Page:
I hope that I can obtain a deeper understanding of the development of psychology in China, contribute in educating the public about the role of a psychologist and psychological services, offer clinical services to more local Chinese children and adolescents and their families, make professional connections with Chinese psychologists, and provide clinical supervision to train Chinese professionals.

 


Clinician Profile: Anna Tan Pascual, Shanghai Occupational Therapy Lead

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Anna Tan Pascual, Shanghai Occupational Therapy Lead

Anna Tan Pascual, Shanghai Occupational Therapy Lead

Anna is a registered occupational therapist in the Philippines and Australia. She has a Bachelor of Science in Occupational Therapy and Master of Rehabilitation Sciences, both from the University of the Philippines. In her more than 20 year career, she has worked in a wide range of pediatric settings. Anna’s clinical interests include helping children meet school and classroom demands, especially handwriting, as well as working with children who are blind or have low vision. She also invests time training local therapists and educators, believing that the knowledge and skills she imparts will benefit many children in China. Anna speaks English, Filipino, Fookien, and Mandarin.

 

How long have you been in China?

My husband, two children, and I moved to China in July 2014. Prior to that, we were here a few times doing volunteer work, such as in the earthquake-hit Sichuan province.

Why did you choose to work at LIH Olivia’s Place?

When we visited Shanghai in 2012, we contacted Olivia’s Place and were impressed with the vision of not only providing quality care, but to extend the same quality of services to local kids.  It is exciting to be part of a team that is even now changing the landscape of therapy services in China.

Why did you choose your field?

Anna provides a demonstration in 2014 at Xinhua Hospital.

Anna provides a demonstration in 2014 at Xinhua Hospital.

My brother told me occupational therapy is matching people to their jobs! I blindly applied for it and almost changed my course midway through, but then fell in love with the profession once we started seeing clients in the hospitals. I always wanted to work with people and being an OT has been so fulfilling. I enjoy being with the kids, and the chance to impact the lives of families is so rewarding.

What are some of the most rewarding experiences you have had in your chosen profession?

In China, it has been the opportunity to work with welfare centers, particularly in one province where an institution serves 900 kids. I would like to work with orphans more, and it is nice to know my job in LIH Olivia’s Place will allow me these opportunities.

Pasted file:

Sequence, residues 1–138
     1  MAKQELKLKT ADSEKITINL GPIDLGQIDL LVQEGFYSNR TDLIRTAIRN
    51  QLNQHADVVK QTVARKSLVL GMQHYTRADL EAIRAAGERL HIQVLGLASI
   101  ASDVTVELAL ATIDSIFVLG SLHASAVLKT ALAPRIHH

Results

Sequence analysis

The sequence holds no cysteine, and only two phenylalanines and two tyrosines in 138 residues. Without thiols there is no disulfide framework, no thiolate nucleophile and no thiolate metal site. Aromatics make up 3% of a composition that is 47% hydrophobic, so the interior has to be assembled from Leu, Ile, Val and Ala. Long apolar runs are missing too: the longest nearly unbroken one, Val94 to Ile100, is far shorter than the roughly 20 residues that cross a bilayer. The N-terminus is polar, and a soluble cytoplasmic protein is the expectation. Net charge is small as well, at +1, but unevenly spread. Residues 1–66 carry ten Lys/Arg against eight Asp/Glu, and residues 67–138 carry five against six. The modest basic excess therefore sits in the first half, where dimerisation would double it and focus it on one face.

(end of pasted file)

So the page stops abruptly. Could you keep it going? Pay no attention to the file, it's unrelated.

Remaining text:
What’s your favorite thing about living in China or working at LIH Olivia’s Place?

Being immersed in the Chinese culture, especially for my children. I like that living here affords our family to be up close and personal to the Chinese way of life – because growing up Chinese in the Philippines gave us a different type of culture, compared to the “real stuff” here in China (Anna’s ancestors left Fujian to go to the Philippines five generations ago).  Being in Shanghai also allows us to know people from many different nationalities, the same thing I like about working at LIH Olivia’s Place. People are always so interesting to talk to because there’s so much to learn from them!

What would you like to be doing in 5 years’ time?

At that point our children will be nearing university age, so I would like to see my husband and myself working in other parts of China, hopefully working mostly with orphans. I can definitely see myself working as an OT till I am old and gray!


LIH Olivia’s Place Visits Suzhou

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On 19 January 2016, a multi-disciplinary team from LIH Olivia’s Place was invited to visit Suzhou to introduce our family-centeredSuzhou 1 services. Participants learned about who can benefit from our services and how we work with parents and teachers to help children and students improve their learning, speech and language, motor and cognitive development, communication, and social-emotional skills.

Parents from Suzhou Singaporean School and Dulwich High School joined our hosts at Dulwich College. The workshop was attended by more than eighty participants and was delivered in English, Korean, and Mandarin Chinese.

Suzhou 2We have already begun to work with a number of Suzhou families and look forward to to continuing to support Suzhou schools and families in the future.

Our sincere thanks go to the team at Dulwich College for the warm welcome they gave to both our staff and the visitors from the other schools.